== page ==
Detroit Mayor Mike Duggan said he’s unsatisfied with the city’s crime rates and is working every day on the issue.

“The violence is not coming down at the rate we need it to,” Duggan told local journalists who are members of the Detroit Chapter of the National Association of Black Journalists during an exclusive interview at the St. Regis Hotel in Midtown. “I’m going to keep (working) everyday until it does.”

Duggan answered questions on several issues, including Detroit Public Schools and efforts to raze vacant homes. The event was part of the DC-NABJ’s continuing “Conversation With” series, a no-holds barred interview with local leaders and newsmakers.

The mayor said he expects the state of Michigan to pay off the debt of Detroit Public Schools, which has increased to $238 million from $169 million last year.

Duggan said he wants the district next year to return to local control after several years under a state emergency manager. He also took a shot at charter schools, citing statistics he said indicates their students perform no better than those at public schools.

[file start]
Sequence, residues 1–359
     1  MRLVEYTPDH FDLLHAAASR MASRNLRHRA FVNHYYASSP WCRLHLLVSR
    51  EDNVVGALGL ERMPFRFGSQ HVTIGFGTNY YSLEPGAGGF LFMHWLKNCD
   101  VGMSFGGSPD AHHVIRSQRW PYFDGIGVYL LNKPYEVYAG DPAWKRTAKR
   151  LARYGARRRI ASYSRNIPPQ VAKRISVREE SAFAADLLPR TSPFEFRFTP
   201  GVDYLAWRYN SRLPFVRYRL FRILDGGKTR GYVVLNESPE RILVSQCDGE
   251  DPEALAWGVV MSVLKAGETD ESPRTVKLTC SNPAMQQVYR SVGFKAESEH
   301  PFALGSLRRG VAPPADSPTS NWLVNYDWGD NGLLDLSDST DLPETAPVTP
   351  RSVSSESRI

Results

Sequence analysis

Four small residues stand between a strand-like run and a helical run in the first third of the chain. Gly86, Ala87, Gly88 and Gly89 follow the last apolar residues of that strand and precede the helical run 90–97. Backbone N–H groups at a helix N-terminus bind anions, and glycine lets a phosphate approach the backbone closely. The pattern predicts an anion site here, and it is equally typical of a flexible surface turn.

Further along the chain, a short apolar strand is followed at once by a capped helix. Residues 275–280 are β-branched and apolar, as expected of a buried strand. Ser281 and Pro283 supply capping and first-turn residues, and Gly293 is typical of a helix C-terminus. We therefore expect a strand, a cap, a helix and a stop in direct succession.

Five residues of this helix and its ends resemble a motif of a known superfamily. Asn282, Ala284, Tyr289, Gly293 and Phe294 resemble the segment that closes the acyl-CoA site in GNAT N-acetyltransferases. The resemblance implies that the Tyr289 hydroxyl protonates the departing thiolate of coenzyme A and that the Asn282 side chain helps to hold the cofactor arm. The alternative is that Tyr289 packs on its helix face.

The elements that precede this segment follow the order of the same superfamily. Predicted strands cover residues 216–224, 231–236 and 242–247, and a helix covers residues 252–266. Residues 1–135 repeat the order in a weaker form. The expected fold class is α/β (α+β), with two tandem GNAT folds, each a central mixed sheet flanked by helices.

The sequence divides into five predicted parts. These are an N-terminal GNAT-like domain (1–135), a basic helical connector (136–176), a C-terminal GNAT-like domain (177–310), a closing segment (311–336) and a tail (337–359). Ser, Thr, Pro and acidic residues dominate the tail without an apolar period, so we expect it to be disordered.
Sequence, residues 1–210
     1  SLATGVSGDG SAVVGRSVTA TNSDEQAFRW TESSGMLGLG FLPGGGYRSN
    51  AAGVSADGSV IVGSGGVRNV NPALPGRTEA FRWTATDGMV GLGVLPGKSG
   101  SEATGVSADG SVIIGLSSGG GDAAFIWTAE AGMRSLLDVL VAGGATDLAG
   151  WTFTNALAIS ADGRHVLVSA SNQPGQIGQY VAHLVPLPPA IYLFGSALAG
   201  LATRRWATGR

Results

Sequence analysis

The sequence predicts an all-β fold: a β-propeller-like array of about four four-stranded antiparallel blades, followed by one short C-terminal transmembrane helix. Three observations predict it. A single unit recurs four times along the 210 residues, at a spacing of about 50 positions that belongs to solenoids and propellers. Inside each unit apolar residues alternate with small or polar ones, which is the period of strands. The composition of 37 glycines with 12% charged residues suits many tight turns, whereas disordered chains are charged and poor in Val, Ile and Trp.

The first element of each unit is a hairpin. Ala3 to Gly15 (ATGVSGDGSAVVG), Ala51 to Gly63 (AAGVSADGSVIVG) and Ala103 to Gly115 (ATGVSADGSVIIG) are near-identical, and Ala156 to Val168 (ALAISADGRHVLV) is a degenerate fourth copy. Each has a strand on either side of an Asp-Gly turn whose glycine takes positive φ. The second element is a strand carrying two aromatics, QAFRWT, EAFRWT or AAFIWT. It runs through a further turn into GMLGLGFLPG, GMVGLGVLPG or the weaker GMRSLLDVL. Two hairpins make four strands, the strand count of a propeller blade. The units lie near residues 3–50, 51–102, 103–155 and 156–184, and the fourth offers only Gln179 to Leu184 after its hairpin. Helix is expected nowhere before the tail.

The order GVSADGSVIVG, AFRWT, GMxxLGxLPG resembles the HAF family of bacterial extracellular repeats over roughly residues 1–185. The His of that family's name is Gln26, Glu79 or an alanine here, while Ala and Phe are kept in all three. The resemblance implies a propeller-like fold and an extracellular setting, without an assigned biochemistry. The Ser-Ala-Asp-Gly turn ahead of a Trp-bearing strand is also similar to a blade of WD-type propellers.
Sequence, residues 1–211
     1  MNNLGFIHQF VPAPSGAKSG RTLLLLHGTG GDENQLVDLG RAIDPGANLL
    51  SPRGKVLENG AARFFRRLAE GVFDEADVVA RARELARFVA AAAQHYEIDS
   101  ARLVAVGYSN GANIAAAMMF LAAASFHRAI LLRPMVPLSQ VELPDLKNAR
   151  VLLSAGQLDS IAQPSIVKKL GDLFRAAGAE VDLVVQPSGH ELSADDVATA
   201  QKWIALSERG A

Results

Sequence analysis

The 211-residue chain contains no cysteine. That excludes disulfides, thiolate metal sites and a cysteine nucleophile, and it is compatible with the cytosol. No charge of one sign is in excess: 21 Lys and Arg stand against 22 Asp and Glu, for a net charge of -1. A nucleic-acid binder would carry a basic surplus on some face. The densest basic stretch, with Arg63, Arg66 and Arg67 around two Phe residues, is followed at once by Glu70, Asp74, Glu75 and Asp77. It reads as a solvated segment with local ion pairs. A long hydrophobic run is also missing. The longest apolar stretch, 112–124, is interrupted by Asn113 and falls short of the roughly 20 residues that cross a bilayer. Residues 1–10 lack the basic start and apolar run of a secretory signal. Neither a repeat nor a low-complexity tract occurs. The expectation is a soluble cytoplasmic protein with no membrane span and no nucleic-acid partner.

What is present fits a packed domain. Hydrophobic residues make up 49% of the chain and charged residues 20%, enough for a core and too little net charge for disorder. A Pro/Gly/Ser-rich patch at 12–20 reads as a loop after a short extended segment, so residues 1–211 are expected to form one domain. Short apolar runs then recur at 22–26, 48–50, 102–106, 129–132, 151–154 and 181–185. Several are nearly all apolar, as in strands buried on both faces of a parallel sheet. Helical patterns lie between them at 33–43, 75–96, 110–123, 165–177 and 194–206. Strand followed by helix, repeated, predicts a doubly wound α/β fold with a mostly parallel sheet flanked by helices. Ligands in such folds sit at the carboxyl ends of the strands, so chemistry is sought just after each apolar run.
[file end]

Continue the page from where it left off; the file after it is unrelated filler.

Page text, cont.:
“What’s going on with these charter schools?” Duggan asked. “Charter schools on average are not performing any better than our public schools.”

Duggan also touted efforts to raze homes. The city has torn down 6,800 since he took office in January 2014, said his spokesman John Roach. Federal funding for the effort is expected to run out in April, but Duggan said he plans to seek other sources of money to pay for the effort. Until then, the city plans to tear down 150 homes per week.

Duggan also was asked about race. He’s the city’s first white mayor in 40 years.

“People are not interacting with me based on race,” Duggan said. “People are interacting with me based on what’s in their heart.”

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